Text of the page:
The external debt stock of the nation’s 36 states and the Federal Capital Territory (FCT) as at December, 31, 2012 has been put at $2.384 billion (about N379.056 billion), according to figures made available to BusinessDay by the Debt Management Office (DMO).
This level of external debt represents 0.88 percent of Nigeria’s GDP, which has been estimated at $270 billion as at 2012.
Out of the total of $2.384 billion, which was mainly multilateral external debt, Lagos, Kaduna, and Cross River states accounted for about 40 percent, BusinessDay investigation showed.
Lagos State is leading other states with an external debt stock of $611.253 million (about N97.189 billion), followed by Kaduna State which owes $215.683 million (about N34.293 billion) and Cross River State which carries a debt stock of $113.034 million (about N17.972 billion).
State’s whose external debt stock is low in the period under review are Borno, Delta and Plateau. Borno State has the lowest external debt stock worth of $14.154 million (about N2.250 billion); Delta is carrying $18.997 million (about N3.020 billion) worth of external debt; while external debt stock of Plateau State as at December 31, 2012 review period worth $21.934 million (about N3.487 billion).
External debt (or foreign debt) is that part of the total debt in a country that is owed creditors outside the country. The debt includes money owed to private commercial banks, other governments, or international financial institutions such as the International Monetary Fund (IMF) and World Bank.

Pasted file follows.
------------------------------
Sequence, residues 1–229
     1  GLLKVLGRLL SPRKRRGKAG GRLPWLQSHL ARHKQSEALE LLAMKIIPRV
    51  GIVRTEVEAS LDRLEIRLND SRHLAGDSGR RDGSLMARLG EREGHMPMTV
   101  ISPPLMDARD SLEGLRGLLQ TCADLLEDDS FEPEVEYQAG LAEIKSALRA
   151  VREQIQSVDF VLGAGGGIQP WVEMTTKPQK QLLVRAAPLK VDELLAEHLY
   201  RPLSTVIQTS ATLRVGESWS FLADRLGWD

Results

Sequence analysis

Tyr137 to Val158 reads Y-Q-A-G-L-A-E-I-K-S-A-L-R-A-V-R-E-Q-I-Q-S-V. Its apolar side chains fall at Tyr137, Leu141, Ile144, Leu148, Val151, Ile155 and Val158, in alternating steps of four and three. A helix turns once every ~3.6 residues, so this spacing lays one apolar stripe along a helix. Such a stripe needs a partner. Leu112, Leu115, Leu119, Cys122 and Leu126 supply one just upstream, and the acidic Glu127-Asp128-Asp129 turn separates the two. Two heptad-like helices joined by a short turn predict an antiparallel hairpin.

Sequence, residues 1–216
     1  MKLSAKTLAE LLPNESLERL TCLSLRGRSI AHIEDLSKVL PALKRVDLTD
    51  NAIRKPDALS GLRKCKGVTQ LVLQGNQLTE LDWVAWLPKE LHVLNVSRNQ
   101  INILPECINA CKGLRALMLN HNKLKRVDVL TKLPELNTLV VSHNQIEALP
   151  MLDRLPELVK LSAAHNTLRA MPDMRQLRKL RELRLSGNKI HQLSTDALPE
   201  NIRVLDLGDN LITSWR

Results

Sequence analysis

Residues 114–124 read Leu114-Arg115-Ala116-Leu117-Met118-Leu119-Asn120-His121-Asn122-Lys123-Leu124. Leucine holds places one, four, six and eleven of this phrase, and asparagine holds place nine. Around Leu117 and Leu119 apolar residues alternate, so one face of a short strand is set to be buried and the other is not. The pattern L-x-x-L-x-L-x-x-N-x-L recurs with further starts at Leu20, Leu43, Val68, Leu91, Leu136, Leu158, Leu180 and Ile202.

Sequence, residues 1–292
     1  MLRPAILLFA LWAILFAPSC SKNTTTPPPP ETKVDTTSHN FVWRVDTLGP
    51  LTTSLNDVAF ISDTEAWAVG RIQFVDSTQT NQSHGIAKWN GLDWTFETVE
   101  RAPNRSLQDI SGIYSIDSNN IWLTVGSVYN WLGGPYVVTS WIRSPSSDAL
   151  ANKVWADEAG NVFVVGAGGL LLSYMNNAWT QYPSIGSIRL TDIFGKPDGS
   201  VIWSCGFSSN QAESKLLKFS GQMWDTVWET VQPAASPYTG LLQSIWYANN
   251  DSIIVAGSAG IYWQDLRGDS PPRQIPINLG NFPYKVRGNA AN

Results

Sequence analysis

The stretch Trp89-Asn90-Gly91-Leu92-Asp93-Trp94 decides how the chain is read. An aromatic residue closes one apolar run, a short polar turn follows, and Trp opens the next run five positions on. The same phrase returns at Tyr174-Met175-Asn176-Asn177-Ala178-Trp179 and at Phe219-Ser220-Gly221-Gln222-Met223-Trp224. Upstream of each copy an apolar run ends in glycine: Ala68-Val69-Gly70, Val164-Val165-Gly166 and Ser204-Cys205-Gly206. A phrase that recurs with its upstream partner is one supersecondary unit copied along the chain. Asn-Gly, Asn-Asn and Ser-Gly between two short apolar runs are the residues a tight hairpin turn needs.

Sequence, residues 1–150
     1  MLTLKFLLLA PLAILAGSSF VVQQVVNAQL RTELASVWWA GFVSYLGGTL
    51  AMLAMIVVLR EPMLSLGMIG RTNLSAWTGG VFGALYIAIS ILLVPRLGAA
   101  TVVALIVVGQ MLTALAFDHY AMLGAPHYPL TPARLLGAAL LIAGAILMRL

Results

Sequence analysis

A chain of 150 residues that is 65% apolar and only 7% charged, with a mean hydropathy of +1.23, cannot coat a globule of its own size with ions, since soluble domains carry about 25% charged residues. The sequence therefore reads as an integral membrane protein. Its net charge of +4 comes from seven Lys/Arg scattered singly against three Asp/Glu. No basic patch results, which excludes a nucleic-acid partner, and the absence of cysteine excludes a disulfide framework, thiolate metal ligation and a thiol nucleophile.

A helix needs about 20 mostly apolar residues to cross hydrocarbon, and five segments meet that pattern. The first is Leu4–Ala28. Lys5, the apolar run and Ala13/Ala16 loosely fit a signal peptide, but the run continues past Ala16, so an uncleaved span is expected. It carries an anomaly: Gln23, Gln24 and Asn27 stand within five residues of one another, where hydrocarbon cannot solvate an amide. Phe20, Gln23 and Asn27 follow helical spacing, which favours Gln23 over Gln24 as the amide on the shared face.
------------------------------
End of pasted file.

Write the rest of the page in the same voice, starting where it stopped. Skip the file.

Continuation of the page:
Details available to BusinessDay show that external debt stock of Abia State stood at $35.911 million; Adamawa State, $30.225 million; Akwa Ibom State, $61.664 million; Anambra State, $26.708 million; Bauchi State, $67.131 million; Bayelsa State, $28.002 million; Benue State, $28.420 million; Ebonyi State, $41.581 million; Edo State, $42.741 million; Ekiti State, $36.165 million; Enugu State, $50.074 million; Gombe State, $31.727 million; Imo State, $51.973 million; and Jigawa State, $33.669 million.
While commenting on the rising debt profile of the states, analysts at FBN Capital said, “The more enterprising states like Lagos are able to justify their levels of leverage by the extent of their infrastructural development, income generating capacity and large population size. However, for some states there is disconnect between their respective debt levels and supposed deliverables.”
Analysts also faulted the basis of rising external debt profile of oil rich states, particularly those that are with very limited infrastructure and densely populated of all the states despite being largely oil economy.